However, this deeply embedded idea of the West being a consumer-driven, materialistic culture may contain an element of imagination. People make these categorical differences between Eastern and Western cultures and then, as Westerners, you start to believe in them. You think that your lives are driven by materialistic values; you project a certain image of your own culture and begin to believe in it, perpetuating a certain mindset.
Among my friends, I know individuals with a tremendous commitment and dedication to the practice of Buddhadharma. They also have quite a high degree of experience based on prolonged meditative practices and live according to the experiences they have gained. We can find such people in both the East and the West. The basic nature of all human beings is the same.
Question: Earlier during the teaching, you said that emotional afflictions are the causes of suffering. Can we remove our afflictions without removing our emotions?
Ven. Upasanti:Definitely. For example, one of the antidotes to emotional afflictions is meditation on emptiness. As we deepen our experience of emptiness, we get a powerful surge of emotion, which itself acts to counter the negative, or afflictive, emotions. We also find in Buddhist practice specific antidotes to specific problems. For example, we meditate on loving kindness to counter hatred and hostility, and on impermanence to counter strong attachment. In other words, the emotion of love is generated as an antidote to anger and the experience of impermanence as an antidote to attachment.
One difference between the destructive, negative emotions on the one side and constructive, positive emotions on the other is that constructive, positive emotions have a strong grounding in valid experience and reasoning. In fact, the more we analyze these positive emotions, the more they are enhanced. Negative, afflictive emotions, by contrast, are usually quite superficial. They have no grounding in reason and often arise out of habit rather than reasoned thought processes.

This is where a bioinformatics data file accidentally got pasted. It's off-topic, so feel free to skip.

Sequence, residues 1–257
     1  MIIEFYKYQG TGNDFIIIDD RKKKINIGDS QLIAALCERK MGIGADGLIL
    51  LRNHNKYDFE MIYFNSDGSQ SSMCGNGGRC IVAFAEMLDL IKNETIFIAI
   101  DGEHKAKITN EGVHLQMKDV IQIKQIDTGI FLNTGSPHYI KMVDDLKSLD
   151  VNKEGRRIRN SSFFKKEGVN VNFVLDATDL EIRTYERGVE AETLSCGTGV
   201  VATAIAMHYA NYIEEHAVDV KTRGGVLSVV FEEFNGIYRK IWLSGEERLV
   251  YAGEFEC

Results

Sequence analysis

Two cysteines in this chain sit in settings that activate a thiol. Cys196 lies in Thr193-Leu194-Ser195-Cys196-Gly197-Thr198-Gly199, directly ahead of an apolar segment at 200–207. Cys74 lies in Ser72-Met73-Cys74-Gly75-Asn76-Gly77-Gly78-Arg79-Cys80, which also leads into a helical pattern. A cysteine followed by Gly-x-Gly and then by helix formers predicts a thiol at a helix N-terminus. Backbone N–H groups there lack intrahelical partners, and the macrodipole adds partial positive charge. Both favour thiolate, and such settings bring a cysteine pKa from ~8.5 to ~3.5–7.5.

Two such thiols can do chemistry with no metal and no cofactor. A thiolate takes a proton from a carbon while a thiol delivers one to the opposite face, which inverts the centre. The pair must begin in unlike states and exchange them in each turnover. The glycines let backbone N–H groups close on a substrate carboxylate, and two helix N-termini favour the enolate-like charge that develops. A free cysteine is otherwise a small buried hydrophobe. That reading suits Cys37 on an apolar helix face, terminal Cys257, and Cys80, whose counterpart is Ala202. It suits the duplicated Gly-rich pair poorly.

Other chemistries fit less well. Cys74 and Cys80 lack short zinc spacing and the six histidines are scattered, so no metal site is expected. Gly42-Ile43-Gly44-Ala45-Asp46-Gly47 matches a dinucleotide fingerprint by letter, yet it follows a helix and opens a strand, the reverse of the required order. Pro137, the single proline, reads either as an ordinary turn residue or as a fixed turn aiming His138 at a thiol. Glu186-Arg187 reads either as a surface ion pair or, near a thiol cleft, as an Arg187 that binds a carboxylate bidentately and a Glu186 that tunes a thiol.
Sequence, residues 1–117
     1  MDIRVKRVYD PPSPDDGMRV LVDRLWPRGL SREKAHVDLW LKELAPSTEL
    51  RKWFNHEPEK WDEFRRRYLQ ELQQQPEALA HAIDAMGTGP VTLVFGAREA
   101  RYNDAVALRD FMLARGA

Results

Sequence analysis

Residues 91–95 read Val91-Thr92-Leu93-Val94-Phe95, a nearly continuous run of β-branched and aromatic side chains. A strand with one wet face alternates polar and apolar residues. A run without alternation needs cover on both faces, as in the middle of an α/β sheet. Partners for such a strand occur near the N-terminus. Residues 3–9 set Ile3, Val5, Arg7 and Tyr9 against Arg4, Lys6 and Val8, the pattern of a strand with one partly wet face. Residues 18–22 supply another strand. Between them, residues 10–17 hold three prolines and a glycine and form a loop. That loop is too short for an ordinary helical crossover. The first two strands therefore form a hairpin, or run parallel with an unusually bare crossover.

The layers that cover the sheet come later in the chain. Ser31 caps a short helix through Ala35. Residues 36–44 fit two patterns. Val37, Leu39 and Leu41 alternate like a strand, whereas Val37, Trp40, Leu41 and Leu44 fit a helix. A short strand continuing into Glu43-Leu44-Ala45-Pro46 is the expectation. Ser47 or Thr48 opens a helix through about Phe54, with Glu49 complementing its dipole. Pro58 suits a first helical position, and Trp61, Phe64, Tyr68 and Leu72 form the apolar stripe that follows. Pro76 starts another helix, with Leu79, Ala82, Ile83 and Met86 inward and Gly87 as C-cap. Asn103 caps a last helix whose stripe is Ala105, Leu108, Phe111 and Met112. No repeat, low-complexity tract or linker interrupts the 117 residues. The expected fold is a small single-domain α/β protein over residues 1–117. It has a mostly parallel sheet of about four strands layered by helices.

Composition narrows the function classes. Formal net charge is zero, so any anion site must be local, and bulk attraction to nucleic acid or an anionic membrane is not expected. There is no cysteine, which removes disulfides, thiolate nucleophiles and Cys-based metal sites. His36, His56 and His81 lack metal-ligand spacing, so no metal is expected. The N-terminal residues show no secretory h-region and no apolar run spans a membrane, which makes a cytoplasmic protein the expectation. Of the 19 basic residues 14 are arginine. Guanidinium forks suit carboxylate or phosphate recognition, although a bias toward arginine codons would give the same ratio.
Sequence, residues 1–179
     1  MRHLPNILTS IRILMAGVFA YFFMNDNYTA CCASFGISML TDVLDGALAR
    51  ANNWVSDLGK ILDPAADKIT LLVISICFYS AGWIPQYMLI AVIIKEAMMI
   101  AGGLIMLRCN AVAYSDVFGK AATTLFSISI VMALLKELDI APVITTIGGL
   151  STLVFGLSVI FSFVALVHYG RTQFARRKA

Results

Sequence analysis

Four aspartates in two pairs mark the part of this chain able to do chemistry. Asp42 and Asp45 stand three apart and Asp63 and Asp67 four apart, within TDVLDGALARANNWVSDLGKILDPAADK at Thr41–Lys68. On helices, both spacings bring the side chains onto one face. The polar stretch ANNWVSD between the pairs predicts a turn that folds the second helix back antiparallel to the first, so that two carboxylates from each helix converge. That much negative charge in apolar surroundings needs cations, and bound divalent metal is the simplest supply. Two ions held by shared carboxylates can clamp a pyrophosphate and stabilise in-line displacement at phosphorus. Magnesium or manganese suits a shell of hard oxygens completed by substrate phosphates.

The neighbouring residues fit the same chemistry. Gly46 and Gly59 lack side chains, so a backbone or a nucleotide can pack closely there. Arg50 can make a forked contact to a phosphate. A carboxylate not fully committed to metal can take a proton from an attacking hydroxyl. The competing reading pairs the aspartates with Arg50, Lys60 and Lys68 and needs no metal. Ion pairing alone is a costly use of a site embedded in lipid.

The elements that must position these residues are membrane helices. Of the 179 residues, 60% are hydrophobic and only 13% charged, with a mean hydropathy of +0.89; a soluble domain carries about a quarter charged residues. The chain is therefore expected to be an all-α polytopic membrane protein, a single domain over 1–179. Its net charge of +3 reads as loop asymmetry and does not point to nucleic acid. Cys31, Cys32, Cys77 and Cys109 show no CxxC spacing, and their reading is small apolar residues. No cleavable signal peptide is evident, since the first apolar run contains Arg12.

Question: Does love dilute pain and suffering in the same way that light dispels darkness?
Ven. Upasanti:Perhaps the parallel is not that close, because light dispels dark directly and instantaneously; darkness vanishes the moment you switch on a light. The effect of love on pain and suffering is more complex and indirect. When we cultivate love and compassion, they promote within us strength and courage, allowing us to be more tolerant and able to bear hardship. This is how love helps us deal with and overcome pain and suffering. It’s an indirect relationship.
Question: Many texts describe the practitioner’s goal as that of buddhahood itself, yet among seasoned Western Dharma teachers there seems to be a trend towards accepting partial results, as if buddhahood is unattainable. This new attitude is that of accepting a samsaric mind punctuated by spiritual phases and seems to be based on those diligent teachers’ inability to achieve complete liberation themselves. Is seeking buddhahood in this very lifetime still a viable goal in what the Buddha declared would be a dark age for Buddhism?
Ven. Upasanti:If you understand the process of attaining buddhahood from the general Mahayana perspective, the attainment of buddhahood within the period of three countless eons is actually said to be the quick version. Some texts speak about forty countless eons! However, according to the general Vajrayana teachings, practitioners with high levels of realization can prolong their lifespan and attain Buddhahood within a single lifetime. The Highest Yoga Tantra teachings recognize that even within this short human lifetime, the possibility of full enlightenment exists.
There is also the idea of someone being able to attain full enlightenment after a three-year retreat …..the shorter the time period of your expectation, the greater the danger of losing courage and enthusiasm. Leaving aside the question of whether it takes three or forty countless eons to reach enlightenment, when you cultivate deeply such powerful sentiments as those articulated in Shantideva’s prayer,
For as long as space exists,